Category Archives: Channels

Start an Indirect Sales Force Advisory Group

Having great technology for your product is a given. The new product needs to be faster-better-cheaper that the competitions. Identifying your target customer set and matching their needs is a requirement. All set, right?

How do you plan to get the product from you to them? Increasingly in the technology market you will probably use some sort of intermediary or distribution arrangement. They can be called distributors, dealers, resellers or retailers, but they will probably be the path of choice to market for a technology based product. Now the question becomes how to target, attract and recruit these channels, and once you have them, how do you retain them and help keep the competition out of them.

The creation of a strong and vital Dealer/Distributor “Advisory Board” can be a solution. Utilize the advisory board to help you solve the issues of problem identification, prioritization and resolution. However expect not only “product” issues, but also “process” issues to be identified. One of the goals for this group should be to help identify how this indirect sales force wants to do business, and be dealt with.

As with internal business teams, where you listen to and work with all business disciplines to create a cohesive solution, the advisory board enables you to extend this “teaming” arrangement outward to the indirect sales channel. Their involvement creates ownership and buy-in on issue identification, prioritization and resolution. As the business responds and adapts to their requests and requirements, their commitment to the business should also strengthen and grow, as should their orders on it. It is essential that the appropriate resources and management commitments are provided to see the process through to conclusion. If your sales channels are going to commit their time and resources to work with you they will need to see the same level of commitment from you, or they will look for other suppliers who will provide the commitment they are expecting.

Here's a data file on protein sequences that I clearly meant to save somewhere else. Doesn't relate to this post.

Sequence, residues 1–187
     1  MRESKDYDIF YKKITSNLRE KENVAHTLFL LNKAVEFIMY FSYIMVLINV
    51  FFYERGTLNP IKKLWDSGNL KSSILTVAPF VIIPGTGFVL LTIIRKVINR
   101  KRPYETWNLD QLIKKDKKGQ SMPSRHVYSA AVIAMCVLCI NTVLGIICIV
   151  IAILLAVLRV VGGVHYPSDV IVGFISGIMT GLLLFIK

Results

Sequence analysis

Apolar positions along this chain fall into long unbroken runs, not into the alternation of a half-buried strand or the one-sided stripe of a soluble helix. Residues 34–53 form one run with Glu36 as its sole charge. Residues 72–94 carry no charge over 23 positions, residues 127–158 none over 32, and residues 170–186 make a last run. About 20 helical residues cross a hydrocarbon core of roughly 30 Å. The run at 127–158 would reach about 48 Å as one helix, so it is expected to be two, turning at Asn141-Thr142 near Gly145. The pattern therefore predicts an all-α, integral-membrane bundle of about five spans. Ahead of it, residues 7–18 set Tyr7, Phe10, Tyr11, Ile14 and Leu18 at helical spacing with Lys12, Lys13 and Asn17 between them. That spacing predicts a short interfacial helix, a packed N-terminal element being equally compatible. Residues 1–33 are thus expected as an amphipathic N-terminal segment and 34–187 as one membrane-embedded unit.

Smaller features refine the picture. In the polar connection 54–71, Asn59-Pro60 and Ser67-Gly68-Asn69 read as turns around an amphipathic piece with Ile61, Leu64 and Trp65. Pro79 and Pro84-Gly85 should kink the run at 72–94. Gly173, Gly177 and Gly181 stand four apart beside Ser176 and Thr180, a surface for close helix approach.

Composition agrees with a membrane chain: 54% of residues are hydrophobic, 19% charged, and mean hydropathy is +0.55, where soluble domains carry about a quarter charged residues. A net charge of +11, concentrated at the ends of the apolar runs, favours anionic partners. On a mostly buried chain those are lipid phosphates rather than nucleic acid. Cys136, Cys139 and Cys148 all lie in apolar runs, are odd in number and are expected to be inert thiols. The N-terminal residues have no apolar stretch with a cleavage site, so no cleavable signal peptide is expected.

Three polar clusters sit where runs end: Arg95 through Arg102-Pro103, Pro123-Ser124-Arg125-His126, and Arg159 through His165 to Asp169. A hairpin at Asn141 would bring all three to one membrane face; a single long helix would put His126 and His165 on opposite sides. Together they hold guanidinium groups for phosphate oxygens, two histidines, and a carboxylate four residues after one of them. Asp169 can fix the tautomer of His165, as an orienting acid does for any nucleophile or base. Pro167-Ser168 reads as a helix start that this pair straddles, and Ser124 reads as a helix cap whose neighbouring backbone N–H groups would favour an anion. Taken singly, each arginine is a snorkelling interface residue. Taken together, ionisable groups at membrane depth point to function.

Targeting Sales Channels

Targeting the proper indirect sales channels can be the most important decision that you can make. There are several factors that need to be taken into consideration:

Who are the products’ target customers and who do they buy them from? Consumers usually buy from retail outlets. Small and Medium Businesses (SMBs) usually buy from a variety of sources (web, small dealers, value added resellers (VARs), etc.). Enterprises and large business usually buy from large distributors and dealers.

What size business are you? Normally equipment providers and distribution channels have a tendency to “peer”. That means larger product providers tend to work with larger dealers and distributors, and smaller product providers work with smaller dealers and VARs.

What is the status and age of the product market? If it is a mature market that is being addressed it will mean competing against existing products for mind share and shelf space with entrenched channels. There will be barriers and expenses associated with displacing the existing product suppliers from the channels. If it is a new or developing market there should be no entrenched products or channels and lower expenses and barriers to channel acquisition.

These are just a few of the topics to consider when looking a selecting specific paths and channels to market. There are obviously many more. What it does point out is that there are relationships between the product and the market that are not related to its technology that will have an effect on its success.